There has been a great interest in single-cell analysis, however it is clear that many experiments are required for a population of cells (i.e. many single cells need to be assayed as the level of gene expression can vary widely across individual cells). The beauty of this technology is its ability to easily separate a subpopulation of cells that have a particular gene expression profile or even a pair of genes that are differentiated in their co-expression. I didn’t ask explicitly, but it would appear that selected cells could go through another round of selection if desired. (The scientist I spoke with said that Millipore is working on developing a third color to work with.)
Speaking with a colleague at AACR about Fluidigm’s C1 system, it’s clear to me that that platform is unique and currently they have that selection process for single cell handling to themselves. A major differentiator for the SmartFlare is its non-destructive nature. For the C1, you have a single-cell population-level view for your gene(s) of interest, and many are using that platform as a front-end for single-cell genomic analysis (in particular very well suited for RNA-Seq due to the use of Life Technologies Cells to Ct additive single-cell reagents).
This has a lot to do with next-generation sequencing. Working with Innocentive, Life Techologies way back in 2010 announced a ‘Grand Challenge‘ – with a $1M purse in prize money – for the successful sequencing of an entire genome of a single cell, simultaneous to an entire transcriptome from a single cell.
And if market research surveys are to be believed, way back in 2009 I remember reading some research that RainDance conducted to assess the single-cell genomics market, and identified a genuine market opportunity there. (If my memory serves correctly, it was on the order of a majority of genomics researchers would conduct single-cell research ‘if the tools were available to simplify handling and identification of single cells of interest’.) Given the amount of interest at the Fluidigm booth at AACR in the C1 instrument, I would concur with this sentiment. And to quote an applications specialist that I met there on the exhibit hall, ‘everyone in the Northeast wants one’ (she covers the Boston and New York areas, with a high concentration of genomics researchers).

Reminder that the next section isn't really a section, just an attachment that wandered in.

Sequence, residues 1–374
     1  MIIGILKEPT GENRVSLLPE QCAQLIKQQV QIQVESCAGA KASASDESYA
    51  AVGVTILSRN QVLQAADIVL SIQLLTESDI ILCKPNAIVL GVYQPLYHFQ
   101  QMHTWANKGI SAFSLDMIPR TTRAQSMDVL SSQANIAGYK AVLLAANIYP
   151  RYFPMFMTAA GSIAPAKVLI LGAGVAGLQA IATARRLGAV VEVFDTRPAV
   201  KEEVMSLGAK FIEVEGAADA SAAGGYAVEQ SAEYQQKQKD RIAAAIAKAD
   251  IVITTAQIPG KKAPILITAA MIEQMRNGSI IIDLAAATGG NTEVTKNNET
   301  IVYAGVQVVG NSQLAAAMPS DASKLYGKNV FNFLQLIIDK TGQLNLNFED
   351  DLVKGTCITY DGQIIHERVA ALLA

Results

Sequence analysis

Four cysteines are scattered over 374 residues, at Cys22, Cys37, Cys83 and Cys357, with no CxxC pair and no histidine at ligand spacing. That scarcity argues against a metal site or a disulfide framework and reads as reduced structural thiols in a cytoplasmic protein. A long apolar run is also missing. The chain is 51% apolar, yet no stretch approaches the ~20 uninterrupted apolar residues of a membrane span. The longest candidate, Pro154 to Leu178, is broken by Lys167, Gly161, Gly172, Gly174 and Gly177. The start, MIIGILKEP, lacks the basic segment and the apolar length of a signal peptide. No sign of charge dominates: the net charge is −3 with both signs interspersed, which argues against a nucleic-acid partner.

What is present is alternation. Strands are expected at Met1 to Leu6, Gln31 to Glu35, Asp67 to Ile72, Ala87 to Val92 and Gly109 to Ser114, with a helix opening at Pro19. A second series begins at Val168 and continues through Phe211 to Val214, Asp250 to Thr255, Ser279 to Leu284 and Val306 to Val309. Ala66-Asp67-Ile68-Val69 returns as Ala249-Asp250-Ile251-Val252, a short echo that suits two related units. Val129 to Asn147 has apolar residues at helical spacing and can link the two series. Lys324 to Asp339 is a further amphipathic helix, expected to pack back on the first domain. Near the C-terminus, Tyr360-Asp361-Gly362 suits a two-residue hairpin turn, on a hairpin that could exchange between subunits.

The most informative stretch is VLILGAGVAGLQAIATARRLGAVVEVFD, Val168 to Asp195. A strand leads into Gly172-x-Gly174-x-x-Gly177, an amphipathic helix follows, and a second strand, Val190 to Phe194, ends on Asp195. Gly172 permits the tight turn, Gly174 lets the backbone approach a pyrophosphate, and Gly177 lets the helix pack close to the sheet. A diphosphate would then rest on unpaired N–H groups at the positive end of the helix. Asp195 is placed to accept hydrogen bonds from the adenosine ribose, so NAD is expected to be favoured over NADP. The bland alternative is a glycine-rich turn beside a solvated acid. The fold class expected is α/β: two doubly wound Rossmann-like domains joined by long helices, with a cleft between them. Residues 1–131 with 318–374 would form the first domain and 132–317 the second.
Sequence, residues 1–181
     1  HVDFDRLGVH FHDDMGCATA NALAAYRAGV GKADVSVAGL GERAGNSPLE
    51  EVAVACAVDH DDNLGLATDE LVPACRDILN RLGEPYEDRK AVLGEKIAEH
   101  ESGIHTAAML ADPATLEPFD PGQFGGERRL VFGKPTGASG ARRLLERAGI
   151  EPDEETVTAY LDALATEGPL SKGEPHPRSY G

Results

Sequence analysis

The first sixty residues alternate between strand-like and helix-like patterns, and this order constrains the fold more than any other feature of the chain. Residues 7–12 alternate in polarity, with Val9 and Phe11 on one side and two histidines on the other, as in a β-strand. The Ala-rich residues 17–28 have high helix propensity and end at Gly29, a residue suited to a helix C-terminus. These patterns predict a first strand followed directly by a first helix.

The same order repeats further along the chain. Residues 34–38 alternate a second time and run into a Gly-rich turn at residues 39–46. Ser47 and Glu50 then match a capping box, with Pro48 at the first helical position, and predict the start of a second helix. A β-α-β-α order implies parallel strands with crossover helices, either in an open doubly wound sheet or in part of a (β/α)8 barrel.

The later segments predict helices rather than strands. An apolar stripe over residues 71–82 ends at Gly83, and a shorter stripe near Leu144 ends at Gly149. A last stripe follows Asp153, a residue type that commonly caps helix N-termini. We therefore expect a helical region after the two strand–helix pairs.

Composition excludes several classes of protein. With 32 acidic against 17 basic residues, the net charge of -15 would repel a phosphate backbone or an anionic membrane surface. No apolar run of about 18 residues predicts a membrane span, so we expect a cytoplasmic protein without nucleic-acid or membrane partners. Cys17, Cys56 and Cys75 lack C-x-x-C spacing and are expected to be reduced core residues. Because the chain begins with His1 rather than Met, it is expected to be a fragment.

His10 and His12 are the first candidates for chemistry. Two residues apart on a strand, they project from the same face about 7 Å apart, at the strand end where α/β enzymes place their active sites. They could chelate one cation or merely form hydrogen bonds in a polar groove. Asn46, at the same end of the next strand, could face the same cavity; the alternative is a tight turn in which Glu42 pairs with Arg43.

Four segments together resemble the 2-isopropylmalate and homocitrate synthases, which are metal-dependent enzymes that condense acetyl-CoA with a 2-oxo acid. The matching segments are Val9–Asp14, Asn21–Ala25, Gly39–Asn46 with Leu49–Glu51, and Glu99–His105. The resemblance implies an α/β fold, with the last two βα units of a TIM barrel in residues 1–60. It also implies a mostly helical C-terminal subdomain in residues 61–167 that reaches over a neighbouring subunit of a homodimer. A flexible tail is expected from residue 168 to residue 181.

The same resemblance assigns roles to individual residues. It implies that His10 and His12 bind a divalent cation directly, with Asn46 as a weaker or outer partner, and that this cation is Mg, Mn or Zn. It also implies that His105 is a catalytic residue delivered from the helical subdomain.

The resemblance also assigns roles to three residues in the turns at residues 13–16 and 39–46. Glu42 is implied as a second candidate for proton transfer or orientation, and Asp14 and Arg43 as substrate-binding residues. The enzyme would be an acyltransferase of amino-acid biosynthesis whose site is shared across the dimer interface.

About RainDance – they have another opportunity there for single cell handling in the context of emulsion droplets, but a fair amount of development work remains to be done from my understanding. (As a side-note, RainDance is currently putting their resources behind a digital PCR offering; development effort on a single-cell application will depend on the relative success of their efforts in a marketplace that includes BioRad’s QX100, and the upcoming Life Technologies QuantStudio 3D.)
I’ll be sure to write about another single-cell technology I discovered at AACR – soon. (Stay tuned!)
The ability of the SmartFlare to recover live cells as a subset of a population, and then do further characterization and/or selection, makes it a winner. I’ll be sure to follow this technology (in terms of publications etc.) in the months and years to come.